Destry Rides Again is a fun, entertaining dive into classic Hollywood cinema. It's especially entertaining if you are a fan of Jimmy Stewart, westerns, black and white movies or, for some bizarre reason, Marlene Dietrich. Now, that might seem like a lot of qualifications but, believe me, they are all completely necessary. Not that I'm saying the movie hasn't aged well, but... no, that is what I'm saying. In its defense we have had a good 70 years filled with westerns to the point of over-saturation.
As far as the story goes, Jimmy Stewart plays a humble, down to earth man whose seemingly simplistic mannerisms and slow drawl lead the antagonists to think they can take advantage of him. But boy, are they wrong. Before they know it, he's uncovered all sorts of shady, crooked dealings in Congress after he tries to pass a bill to establish a boys' camp and gets railroaded by seedy senators... wait... wrong Jimmy Stewart movie.* This humble, down to earth Jimmy Stewart with a slow drawl and simplistic mannerisms happens to be a deputy sheriff and must uncover the shady, crooked dealings of a town in the old west. Although he is called in to clean up the town of Bottleneck, Tom Destry (Jimmy Stewart) has some unconventional methods of enforcing law and order — he doesn't use guns.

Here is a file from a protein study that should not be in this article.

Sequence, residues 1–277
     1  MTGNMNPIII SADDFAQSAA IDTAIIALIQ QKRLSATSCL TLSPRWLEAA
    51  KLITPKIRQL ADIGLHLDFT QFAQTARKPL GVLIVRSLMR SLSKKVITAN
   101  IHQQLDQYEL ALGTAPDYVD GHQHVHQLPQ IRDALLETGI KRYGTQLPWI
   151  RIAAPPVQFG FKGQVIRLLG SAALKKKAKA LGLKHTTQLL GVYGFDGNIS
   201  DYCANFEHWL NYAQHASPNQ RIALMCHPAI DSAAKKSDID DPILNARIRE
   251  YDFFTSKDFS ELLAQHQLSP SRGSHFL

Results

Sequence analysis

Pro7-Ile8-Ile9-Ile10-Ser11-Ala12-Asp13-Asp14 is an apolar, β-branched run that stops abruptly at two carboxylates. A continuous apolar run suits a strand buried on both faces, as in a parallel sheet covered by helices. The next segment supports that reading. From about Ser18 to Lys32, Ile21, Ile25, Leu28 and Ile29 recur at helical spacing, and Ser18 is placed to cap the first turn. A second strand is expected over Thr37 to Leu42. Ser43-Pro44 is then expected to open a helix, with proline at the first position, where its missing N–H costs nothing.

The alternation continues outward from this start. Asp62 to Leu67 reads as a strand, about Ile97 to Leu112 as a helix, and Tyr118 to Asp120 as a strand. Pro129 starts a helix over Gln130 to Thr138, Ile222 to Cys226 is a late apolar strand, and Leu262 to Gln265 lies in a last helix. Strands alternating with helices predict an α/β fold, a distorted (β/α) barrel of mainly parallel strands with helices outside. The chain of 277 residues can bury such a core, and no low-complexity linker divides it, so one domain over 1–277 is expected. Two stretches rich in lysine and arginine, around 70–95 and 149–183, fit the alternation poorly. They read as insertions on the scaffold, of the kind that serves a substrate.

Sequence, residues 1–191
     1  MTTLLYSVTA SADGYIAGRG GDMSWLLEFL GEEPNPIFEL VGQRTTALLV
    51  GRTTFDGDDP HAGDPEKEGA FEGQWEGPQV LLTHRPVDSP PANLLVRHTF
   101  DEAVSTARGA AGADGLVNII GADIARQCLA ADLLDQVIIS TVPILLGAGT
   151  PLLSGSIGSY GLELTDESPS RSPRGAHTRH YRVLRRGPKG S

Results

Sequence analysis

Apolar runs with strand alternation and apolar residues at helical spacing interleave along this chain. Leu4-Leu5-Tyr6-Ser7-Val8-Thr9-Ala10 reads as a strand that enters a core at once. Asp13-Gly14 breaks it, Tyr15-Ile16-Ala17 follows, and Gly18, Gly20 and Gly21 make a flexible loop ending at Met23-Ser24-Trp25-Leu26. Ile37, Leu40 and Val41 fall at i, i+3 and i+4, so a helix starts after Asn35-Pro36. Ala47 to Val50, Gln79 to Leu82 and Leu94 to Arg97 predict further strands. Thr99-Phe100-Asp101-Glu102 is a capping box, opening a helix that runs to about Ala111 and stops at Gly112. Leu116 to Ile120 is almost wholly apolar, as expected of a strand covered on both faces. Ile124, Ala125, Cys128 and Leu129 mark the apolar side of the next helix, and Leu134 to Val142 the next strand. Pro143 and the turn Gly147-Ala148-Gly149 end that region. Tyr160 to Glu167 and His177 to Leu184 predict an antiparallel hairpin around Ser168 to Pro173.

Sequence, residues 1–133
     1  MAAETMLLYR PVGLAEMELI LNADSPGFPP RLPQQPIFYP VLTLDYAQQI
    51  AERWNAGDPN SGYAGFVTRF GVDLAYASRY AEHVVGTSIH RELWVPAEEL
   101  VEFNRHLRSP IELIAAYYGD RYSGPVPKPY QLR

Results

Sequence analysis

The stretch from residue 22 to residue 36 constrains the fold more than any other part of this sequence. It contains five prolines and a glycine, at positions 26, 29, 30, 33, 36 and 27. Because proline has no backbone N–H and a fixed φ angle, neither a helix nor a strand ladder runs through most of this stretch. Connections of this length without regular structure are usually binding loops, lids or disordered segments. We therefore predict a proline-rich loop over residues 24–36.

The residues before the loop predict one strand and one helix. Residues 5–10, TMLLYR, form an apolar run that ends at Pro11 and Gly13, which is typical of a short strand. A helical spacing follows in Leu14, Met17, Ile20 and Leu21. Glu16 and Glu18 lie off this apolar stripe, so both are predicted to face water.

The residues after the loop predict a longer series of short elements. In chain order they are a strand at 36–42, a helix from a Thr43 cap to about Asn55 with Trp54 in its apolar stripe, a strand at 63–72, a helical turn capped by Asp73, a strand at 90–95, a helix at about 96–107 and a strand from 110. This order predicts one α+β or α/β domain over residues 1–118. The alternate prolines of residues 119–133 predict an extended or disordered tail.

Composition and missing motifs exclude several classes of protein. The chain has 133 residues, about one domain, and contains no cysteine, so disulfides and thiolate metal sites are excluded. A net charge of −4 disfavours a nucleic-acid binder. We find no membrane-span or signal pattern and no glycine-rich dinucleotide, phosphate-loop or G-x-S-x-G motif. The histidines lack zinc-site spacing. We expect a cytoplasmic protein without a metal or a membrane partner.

So he's a pacifist. No big deal right? Except this is a western — the genre based solely on shooting people. Nevertheless Destry does have one weapon up his sleeve — his overwhelming charm and Jimmy Stewartness. It's almost like the bad guys don't stand a chance.
If good ol' boy Tom Destry can't defeat the bad guys, never fear, for Marlene Dietrich is here! Marlene Dietrich bursts into song no less than three times in the movie and it is excruciating every. Single. Time. Don't get me wrong. I have nothing against transvestite singers; after all, I love The Rocky Horror Picture Show and Dead or Alive is one of my favorite ‘80s bands. If that's too subtle, what I'm trying to say is that Marlene Dietrich sounds like a man. A very manly man. Like a lumberjack. The rest of her performance is not mind-numbingly horrific, but why they insisted she sing is beyond me. It is painfully obvious that her character is the inspiration for Madeline Kahn's character Lili Von Shtupp in Blazing Saddles.